Four results are of particular interest to anyone trying to understand the winger psyche. The first concerns the peculiar, conspiratorial architecture of their denial:

49% of GOP voters nationally say they think that ACORN stole the election for President Obama.

Neat trick, that, since ACORN was forced out of business by the GOP in 2010, when they filed for bankruptcy and closed their doors. Perhaps watching the number one cable drama, The Walking Dead, has further confused their sensibilities. They seem to believe that ACORN is still wandering the countryside, registering their fellow zombies and turning them out at the polls, feasting on GOPer brains along the way.

 The second concerns secession:

Some GOP voters are so unhappy with the outcome that they no longer care to be a part of the United States. 25% of Republicans say they would like their state to secede from the union compared to 56% who want to stay and 19% who aren’t sure.

Which represents a mutation from a previous incarnation of the Teabaggers, the “America love it or leave it crowd.” Today it’s the “America hate it and leave us out of it” crowd. Hey, don’t let the door hit ya where the good Lord split ya.

The third concerns party identification:

One reason that such a high percentage of Republicans are holding what could be seen as extreme views is that their numbers are declining. Our final poll before the election, which hit the final outcome almost on the head, found 39% of voters identifying themselves as Democrats and 37% as Republicans. Since the election we’ve seen a 5 point increase in Democratic identification to 44%, and a 5 point decrease in Republican identification to 32%.

With the raw id of the wingers exposed for what it is, an authoritarian mindset with racist and misogynist overtones, it’s not surprising that a growing number of Republicans are disassociating themselves from the party. Now that the crazy uncle has escaped the attic and is screaming at everybody about what to do and how to do it, it remains to be seen if the saner members of the household will continue to let him get away with it.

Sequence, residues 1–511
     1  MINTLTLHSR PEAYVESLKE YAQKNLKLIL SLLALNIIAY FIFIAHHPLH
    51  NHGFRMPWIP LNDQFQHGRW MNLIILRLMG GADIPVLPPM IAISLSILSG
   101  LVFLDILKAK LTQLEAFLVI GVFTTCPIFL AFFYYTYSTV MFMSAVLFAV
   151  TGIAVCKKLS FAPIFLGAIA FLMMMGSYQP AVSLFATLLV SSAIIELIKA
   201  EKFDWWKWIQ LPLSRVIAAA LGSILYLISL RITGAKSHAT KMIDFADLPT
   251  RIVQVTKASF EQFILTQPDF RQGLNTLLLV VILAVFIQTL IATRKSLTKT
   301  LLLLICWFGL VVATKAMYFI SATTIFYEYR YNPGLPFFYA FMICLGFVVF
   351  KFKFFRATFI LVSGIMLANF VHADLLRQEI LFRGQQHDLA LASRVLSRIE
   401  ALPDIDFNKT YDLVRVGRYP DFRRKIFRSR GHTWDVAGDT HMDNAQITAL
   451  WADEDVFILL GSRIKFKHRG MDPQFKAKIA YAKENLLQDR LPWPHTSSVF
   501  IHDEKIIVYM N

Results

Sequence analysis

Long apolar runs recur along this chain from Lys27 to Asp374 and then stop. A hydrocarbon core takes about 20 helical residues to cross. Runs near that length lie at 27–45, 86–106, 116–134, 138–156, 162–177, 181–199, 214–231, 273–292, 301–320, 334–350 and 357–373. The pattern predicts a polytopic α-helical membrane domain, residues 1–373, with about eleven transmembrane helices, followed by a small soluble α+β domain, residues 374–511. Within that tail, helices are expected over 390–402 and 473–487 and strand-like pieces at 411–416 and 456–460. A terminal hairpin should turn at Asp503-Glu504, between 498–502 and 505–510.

The fourth concerns their relationship to the unreal:

 The 39% of Americans with an opinion about Bowles/Simpson is only slightly higher than the 25% with one about Panetta/Burns, a mythical Clinton Chief of Staff/former western Republican Senator combo we conceived of to test how many people would say they had an opinion even about something that doesn’t exist.

Perhaps the GOP should replace their elephant mascot with a glitter farting unicorn.

In related news, on a vote of 398 to one:

The House voted on Wednesday to strike the word “lunatic” from all federal laws and only one lawmaker voted against the measure: Rep. Louie Gohmert (R-Texas).It was unclear initially why the Tea Party favorite opposed the change, and a Gohmert spokeswoman did not return a request for comment. The point of the bill, which cleared the Senate in May with no opposition, is to strike language from current law that contributes to the stigmatization of mental health conditions.

If the Teabaggers do succeed in taking over the GOP, the House might want to reconsider their vote, reserving the word “lunatic” for that special breed of politician that eschews reality for ideological fantasy and denial.

[Lead image found here.]